(Sept. 8, 2015) – City council has sent a strong message to the Ontario government: Don’t sell Hydro One.
Kingston has joined the growing list of municipalities to oppose the pending privatization of the giant public utility. The Liberal government has said it intends to sell shares of Hydro to raise billions of dollars to help finance badly-needed municipal infrastructure projects.
The irony of opposing Hydro’s sell-off while seeking a share of the infrastructure funding wasn’t lost on council.
“There’s very much a conflict connected with Hydro and the need for infrastructure money,” observed Mayor Bryan Paterson.
But Coun. Jim Neill, who introduced the anti-Hydro sale motion Sept. 1, insisted the utility must remain under public control. He fears it will set the stage for higher electricity rates that will impact everyone, especially small business owners and those on fixed incomes.
“Why are we privatizing something that all citizens of Ontario already own?” he asked.
Coun. Neill also pointed to a recent Environics poll that suggested 81 per cent of Kingston residents oppose the notion of Hydro’s privatization. “I think 81 per cent of Kingstonians deserve to be heard.”
The fact that the government won’t allow the provincial auditor or hydro ombudsman to have any input or oversight after the utility’s sale is troubling, he added.
Coun. Jeff McLaren voiced concerns that privatizing a large part of the utility through an IPO, an initial public offering that leads to a stock market listing, with little public oversight could lead to higher electricity bills, or worse.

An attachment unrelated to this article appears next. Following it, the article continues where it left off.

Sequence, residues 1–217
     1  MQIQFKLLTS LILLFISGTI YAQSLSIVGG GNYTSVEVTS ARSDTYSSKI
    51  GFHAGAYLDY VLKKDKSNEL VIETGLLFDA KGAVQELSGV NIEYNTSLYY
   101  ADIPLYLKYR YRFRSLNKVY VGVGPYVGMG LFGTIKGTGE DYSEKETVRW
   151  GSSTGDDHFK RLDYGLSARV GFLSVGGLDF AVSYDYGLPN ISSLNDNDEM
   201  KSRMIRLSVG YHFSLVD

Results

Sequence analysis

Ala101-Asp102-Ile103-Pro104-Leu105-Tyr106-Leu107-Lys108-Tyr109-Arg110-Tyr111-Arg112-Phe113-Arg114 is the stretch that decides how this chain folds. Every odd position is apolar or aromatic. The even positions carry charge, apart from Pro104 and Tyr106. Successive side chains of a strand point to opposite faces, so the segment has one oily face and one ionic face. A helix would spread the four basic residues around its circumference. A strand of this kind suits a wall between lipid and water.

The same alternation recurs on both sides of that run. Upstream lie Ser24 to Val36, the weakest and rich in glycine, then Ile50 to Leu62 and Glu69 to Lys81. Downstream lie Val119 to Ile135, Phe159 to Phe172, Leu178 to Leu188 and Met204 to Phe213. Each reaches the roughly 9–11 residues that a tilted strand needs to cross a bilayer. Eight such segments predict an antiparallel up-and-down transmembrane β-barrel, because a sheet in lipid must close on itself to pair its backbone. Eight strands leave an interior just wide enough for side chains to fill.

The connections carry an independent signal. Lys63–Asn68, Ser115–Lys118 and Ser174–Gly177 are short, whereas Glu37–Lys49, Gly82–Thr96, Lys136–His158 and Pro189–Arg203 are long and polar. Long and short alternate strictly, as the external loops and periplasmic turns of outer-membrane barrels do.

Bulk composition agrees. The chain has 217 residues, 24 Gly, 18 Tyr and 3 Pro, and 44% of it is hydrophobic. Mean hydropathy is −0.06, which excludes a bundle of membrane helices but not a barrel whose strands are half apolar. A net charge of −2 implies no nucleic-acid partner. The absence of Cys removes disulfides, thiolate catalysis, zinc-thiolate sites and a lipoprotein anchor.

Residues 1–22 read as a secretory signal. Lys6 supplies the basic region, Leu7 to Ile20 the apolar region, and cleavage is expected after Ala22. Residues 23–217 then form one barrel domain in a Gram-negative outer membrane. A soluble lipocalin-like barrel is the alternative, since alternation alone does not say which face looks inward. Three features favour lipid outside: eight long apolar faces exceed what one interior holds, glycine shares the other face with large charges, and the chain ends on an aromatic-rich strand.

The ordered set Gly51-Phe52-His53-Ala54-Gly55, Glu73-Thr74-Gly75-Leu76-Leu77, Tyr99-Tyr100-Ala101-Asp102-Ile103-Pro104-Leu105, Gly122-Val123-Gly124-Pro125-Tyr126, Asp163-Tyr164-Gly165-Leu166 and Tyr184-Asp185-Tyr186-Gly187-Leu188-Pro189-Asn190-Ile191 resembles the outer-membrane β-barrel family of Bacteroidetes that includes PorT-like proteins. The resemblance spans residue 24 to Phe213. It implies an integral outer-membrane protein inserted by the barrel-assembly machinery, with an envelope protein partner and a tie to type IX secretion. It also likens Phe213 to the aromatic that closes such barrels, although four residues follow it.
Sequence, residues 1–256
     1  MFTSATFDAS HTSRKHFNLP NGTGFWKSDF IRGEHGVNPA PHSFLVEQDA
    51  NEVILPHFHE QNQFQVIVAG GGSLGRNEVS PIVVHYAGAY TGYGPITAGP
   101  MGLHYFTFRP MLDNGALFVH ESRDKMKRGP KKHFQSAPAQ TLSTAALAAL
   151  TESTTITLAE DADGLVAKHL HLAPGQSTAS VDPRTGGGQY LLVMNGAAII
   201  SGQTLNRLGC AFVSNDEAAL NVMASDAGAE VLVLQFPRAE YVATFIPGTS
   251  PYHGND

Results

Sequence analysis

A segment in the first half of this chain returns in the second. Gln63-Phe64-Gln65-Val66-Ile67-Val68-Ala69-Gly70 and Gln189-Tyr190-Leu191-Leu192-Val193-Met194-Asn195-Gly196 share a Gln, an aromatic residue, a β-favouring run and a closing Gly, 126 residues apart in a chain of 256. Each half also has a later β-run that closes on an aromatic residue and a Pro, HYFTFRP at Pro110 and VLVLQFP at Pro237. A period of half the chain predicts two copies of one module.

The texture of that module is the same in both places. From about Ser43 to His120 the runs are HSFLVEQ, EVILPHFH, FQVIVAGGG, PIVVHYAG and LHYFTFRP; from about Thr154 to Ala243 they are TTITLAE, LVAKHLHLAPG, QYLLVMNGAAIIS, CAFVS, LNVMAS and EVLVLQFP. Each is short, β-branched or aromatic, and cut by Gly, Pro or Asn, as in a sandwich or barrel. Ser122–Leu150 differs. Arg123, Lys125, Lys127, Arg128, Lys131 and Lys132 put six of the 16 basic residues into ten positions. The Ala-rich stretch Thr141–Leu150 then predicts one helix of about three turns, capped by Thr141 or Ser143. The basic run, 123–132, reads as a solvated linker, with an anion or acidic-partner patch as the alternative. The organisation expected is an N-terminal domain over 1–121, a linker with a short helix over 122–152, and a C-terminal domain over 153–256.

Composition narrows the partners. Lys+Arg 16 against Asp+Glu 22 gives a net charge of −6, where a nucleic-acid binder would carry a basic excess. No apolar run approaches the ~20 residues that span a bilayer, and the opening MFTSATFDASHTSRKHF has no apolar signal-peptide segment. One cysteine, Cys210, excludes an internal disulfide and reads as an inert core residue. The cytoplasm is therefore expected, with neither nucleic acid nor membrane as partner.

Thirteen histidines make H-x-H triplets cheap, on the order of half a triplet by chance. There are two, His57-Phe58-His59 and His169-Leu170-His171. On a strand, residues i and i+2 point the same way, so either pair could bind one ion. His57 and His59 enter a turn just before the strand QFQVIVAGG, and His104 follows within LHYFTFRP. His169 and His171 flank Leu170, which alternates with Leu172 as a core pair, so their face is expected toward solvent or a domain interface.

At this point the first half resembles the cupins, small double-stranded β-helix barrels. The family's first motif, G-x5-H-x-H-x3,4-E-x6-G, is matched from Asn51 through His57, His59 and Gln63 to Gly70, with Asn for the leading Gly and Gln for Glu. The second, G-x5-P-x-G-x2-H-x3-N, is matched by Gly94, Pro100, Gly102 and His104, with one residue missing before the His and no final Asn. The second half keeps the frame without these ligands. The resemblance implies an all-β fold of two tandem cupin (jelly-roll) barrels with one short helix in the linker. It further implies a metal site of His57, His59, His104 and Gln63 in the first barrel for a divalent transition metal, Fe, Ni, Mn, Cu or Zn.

“We don’t want a Nortel Networks or Enron to run an essential business,” he said, referring to the collapse of two former corporate giants. “That is a bad deal and very bad policy.”
Councillors voted unanimously on the motion to support the “continued operation of Hydro One as a publicly owned asset” and that any sale of Hydro’s assets be “limited solely to the sale of other public bodies, such as Ontario municipally owned utilities.”
Copies of the motion will be sent to Premier Kathleen Wynne, local MPP Sophie Kiwala, opposition party leaders and other municipalities.
Coun. Neill chastised the provincial Liberals for not openly campaigning on its hydro plans in the last Ontario election in order to give voters more notice.
Council was originally supposed to vote on the motion last month, but agreed to hold off while Mayor Paterson led a Kingston delegation to lobby provincial cabinet ministers for infrastructure funding for the third bridge crossing, airport expansion and transit projects. The mayor said opposing Hydro’s sale while asking for the funding would’ve put him in a difficult situation. He thanked council for waiting.
“There was no awkwardness,” he said, while supporting the motion upon his return.
Utilities Kingston president Jim Keech also weighed in on the debate, noting the province is also pressuring local distribution companies, like Kingston Hydro, to amalgamate or sell their assets to larger utilities. He believes the pressure is based on the premise that bigger is better.
“I don’t think that’s been proven but it is the view of the province.”